8. Inspect the steering and suspension system annually including shock absorbers, struts and chassis parts such as ball joints, tie rod ends and other related components.
  9. Check the tires, including tire pressure and tread. Uneven wear indicates a need for wheel alignment. Tires should also be checked for bulges and bald spots.
  10. Check the wipers and lighting so that you can see and be seen. Check that all interior and exterior lighting is working properly and replace worn wiper blades so you can see clearly when driving during precipitation.

Get More Life Out of Your Tires with Proper Care and Maintenance


Everybody wants a little more bang for their buck, and similarly – when it comes to automobiles and driving – everybody wants to be as safe as possible.

Well there is one aspect of your vehicle that can be manipulated into achieving both of those goals at once!  Proper tire maintenance can prolong the life of the tire treads by as much as 50%, according to industry leaders, and not only does that mean that you will have to replace your tires less often, but your vehicle will operate at peak performance longer and at the highest standards for safety.

Moreover, not only will maintaining your tires lead to more money in your pocketbook, but it also helps to increase the overall life of your vehicle’s engine and is healthier for the environment!

In order to maximize the life of your tires, you need to take the time to maintain proper inflation levels and be mindful of any unusual tire tread wear and over the life of those tires, thousands and thousands of miles will be gained, not to mention countless extra trips to the gas station.

Here are a handful of tire maintenance considerations that virtually any driver can make in order to prolong their utility and safety:


The biggest issue regarding tires on the road right now is under-inflation.  Not only do under inflated tires pose a safety risk, but underinflated tires run hotter than normal, leading to quicker and more abnormal tread wear.  Industry leaders say that underinflated tires can cost you up to a mile per gallon in fuel efficiency (think of how much $$$ that is over the course life of your vehicle) not to mention that it can cause your vehicle to handle in a dangerous fashion and could possibly lead to tire blowouts.


Savvy drivers are constantly checking their tire pressure to guard against under-inflation, but sometimes if they aren’t careful, they can be causing extra harm to their vehicle.  Over-inflation just might be more dangerous than under-inflation.   Overinflated tires are more prone to blowouts, and the tread wears out in even quicker fashion than with poorly inflated tires.

Alignment issues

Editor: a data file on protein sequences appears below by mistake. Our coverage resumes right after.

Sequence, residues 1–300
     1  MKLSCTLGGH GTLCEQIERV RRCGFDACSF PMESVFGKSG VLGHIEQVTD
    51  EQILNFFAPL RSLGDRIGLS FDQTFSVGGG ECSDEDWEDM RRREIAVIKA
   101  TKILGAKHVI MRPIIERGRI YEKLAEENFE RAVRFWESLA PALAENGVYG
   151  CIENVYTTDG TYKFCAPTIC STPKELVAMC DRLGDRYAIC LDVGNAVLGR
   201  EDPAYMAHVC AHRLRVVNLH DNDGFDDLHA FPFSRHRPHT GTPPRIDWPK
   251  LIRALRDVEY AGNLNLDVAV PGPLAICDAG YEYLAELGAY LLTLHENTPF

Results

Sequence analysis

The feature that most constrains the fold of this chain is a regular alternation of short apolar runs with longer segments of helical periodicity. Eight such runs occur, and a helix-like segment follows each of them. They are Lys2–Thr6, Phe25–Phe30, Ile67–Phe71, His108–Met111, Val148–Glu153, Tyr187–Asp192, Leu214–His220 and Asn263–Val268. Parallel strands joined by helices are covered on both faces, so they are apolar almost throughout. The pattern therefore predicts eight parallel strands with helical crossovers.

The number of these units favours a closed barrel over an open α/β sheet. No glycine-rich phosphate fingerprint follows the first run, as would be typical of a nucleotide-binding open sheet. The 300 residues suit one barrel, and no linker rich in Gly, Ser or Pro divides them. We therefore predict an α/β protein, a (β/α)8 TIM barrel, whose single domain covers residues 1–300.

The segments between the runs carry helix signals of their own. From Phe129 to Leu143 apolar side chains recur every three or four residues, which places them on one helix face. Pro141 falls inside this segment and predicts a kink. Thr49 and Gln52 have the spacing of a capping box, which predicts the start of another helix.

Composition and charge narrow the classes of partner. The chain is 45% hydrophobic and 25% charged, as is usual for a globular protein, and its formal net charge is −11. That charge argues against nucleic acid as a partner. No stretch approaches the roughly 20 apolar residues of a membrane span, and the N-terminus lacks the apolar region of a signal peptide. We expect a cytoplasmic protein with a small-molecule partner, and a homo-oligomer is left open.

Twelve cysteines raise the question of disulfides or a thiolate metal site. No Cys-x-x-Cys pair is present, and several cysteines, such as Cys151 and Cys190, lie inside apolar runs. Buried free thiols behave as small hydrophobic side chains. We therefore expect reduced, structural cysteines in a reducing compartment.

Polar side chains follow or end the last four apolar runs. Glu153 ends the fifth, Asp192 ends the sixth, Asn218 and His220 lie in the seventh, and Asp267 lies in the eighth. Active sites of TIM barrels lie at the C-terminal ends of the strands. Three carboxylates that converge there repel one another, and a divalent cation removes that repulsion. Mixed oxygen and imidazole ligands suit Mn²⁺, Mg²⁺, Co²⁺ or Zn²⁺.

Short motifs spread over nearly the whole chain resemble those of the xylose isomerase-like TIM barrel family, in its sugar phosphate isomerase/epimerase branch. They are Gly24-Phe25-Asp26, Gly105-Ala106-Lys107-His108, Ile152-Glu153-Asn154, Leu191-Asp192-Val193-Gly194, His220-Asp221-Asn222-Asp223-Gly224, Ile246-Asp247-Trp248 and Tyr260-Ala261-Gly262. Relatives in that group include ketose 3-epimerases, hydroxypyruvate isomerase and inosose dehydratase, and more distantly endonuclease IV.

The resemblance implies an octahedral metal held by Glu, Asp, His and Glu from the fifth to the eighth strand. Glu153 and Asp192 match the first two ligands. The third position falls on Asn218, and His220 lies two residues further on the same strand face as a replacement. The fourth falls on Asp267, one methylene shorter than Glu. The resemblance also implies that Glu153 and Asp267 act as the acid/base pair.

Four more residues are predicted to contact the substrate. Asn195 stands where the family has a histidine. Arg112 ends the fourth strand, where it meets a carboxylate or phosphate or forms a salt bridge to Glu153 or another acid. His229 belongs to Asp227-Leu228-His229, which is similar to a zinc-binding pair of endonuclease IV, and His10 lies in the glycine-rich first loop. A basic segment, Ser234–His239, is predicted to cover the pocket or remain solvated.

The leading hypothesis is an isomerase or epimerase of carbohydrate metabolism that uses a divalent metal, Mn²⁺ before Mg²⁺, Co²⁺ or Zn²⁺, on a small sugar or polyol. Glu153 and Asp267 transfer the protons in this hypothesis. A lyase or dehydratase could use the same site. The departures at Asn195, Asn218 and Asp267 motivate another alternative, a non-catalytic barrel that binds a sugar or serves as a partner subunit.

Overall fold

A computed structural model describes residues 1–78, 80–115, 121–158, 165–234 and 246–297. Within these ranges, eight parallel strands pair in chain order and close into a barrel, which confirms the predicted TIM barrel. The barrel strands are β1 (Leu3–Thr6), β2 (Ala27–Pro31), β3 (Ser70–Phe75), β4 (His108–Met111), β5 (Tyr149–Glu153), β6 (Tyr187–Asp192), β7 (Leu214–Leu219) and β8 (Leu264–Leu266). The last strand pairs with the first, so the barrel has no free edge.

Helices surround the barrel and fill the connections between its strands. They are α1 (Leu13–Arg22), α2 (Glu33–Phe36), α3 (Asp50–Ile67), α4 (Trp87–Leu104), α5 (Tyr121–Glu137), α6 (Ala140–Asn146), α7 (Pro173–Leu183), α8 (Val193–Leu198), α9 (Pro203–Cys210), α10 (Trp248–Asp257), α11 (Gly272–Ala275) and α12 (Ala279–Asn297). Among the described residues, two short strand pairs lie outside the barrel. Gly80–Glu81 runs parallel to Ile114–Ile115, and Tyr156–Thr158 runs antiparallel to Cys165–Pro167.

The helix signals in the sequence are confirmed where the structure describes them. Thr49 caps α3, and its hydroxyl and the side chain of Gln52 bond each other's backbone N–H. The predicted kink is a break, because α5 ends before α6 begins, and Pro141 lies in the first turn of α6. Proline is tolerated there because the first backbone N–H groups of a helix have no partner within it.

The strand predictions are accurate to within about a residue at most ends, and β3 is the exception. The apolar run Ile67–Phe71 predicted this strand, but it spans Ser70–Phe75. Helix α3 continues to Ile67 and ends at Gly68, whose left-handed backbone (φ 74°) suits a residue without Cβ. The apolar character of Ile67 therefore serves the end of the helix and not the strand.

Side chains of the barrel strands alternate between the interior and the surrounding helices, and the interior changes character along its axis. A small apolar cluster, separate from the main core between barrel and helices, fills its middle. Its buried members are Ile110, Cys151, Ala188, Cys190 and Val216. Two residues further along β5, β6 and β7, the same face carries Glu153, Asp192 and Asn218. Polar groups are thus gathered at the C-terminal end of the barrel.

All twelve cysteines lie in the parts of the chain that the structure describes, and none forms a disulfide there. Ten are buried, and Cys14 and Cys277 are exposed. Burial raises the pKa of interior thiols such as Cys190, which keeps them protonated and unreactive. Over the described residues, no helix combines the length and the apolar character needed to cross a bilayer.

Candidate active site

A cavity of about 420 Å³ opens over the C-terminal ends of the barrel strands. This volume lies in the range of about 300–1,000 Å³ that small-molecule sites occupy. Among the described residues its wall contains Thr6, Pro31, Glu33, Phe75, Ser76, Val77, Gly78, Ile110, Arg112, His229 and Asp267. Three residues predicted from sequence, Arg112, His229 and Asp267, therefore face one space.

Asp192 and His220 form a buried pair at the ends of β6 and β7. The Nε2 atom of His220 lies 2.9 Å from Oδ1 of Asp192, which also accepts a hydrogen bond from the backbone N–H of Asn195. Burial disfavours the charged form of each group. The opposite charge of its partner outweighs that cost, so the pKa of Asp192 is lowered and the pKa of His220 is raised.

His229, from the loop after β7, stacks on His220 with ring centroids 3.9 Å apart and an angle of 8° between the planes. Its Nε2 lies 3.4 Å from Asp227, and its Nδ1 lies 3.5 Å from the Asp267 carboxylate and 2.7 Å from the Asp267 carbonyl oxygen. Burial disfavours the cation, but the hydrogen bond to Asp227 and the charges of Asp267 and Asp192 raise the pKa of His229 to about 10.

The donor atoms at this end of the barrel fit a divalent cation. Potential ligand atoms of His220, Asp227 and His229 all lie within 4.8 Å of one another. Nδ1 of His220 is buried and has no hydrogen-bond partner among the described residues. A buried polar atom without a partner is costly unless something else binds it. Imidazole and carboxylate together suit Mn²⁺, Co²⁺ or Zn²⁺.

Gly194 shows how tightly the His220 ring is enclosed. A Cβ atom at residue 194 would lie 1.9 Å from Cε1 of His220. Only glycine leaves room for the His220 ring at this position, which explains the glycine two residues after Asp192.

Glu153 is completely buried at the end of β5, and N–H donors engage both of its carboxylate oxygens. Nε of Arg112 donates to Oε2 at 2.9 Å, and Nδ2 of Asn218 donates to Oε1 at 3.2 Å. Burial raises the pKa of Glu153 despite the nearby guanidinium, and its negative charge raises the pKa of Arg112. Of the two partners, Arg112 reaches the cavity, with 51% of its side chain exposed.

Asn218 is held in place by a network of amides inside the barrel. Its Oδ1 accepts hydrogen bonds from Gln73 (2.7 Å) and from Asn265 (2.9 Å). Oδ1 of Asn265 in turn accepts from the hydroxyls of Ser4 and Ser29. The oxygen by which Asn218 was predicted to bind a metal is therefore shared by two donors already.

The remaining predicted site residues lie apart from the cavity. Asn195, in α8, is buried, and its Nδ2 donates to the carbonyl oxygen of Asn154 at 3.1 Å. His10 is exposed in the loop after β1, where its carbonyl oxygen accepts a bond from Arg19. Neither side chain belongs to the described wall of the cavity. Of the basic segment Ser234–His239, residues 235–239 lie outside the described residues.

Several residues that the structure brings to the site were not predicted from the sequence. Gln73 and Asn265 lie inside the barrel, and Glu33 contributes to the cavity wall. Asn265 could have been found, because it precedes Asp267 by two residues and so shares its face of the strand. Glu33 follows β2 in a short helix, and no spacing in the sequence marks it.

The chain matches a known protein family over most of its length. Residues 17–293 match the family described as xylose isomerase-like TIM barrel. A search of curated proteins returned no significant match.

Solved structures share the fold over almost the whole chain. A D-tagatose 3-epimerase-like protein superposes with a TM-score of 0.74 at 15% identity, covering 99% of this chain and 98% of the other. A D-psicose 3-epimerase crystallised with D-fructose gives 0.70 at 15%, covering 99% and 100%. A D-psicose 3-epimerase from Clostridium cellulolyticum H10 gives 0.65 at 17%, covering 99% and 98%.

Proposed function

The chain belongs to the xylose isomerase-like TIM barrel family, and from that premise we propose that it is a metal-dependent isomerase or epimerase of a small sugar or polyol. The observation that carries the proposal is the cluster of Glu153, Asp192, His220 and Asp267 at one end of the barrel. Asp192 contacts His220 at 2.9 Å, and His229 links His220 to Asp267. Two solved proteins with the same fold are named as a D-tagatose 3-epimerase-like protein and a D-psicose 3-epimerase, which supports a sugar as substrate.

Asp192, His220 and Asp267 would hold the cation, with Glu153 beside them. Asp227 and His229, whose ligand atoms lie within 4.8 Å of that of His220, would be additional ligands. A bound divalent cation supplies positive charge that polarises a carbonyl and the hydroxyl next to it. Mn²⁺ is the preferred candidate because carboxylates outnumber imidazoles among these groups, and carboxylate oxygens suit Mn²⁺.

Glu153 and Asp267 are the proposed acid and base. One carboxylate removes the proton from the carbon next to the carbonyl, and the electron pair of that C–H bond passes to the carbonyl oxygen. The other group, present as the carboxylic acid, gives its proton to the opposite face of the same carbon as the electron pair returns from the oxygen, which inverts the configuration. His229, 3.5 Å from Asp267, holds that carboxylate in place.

Sometimes you can maintain pitch-perfect tire inflation, but still witness abnormal tire wear or other issues that diminish the life of your tires.  These are most likely due to an issue with in or around your vehicle’s chassis.  For instance, cupping and feathering wear often begins to show when a vehicle’s suspension is misaligned.  Other issues that can lead to inconsistent tire performance include bad shock absorbers, struts and out-of-balance tires.  Your best bet is to make sure you keep an eye on your tires for abnormal wear patterns, and if you observe anything out-of-the ordinary, quickly get to a mechanic to get your alignment inspected.

Taking the time to check in and take care of your tires is one of the investments you can make.  It’s good for you, your bank account, and the environment.  It’s a no-brainer.  Devote a few minutes each week to tire safety diligence, and you will be repaid in a plentiful fashion over the course of your tires life!

What Owning Your First Car Teaches You


There are lots of things in life that we can put down as learning experiences, some of them are almost rites that we have to pass through in order to reach or potential as adults. One such experience or rite is gaining ownership of our very first motor car. Getting a car marks a transition in our lives, it is the point at which we really gain our independence. No longer are we reliant on our parents to ferry us around to where we need to be, we have our own means of getting there, and more importantly getting ourselves home again.

But other than the freedom of independence owning a car also brings with it a new element of responsibility that we have never experienced before. We have to learn about the perils and pitfalls of responsible ownership and just what it costs. Something else you will come to realize pretty quickly is that your friends will never look at you in the same light again.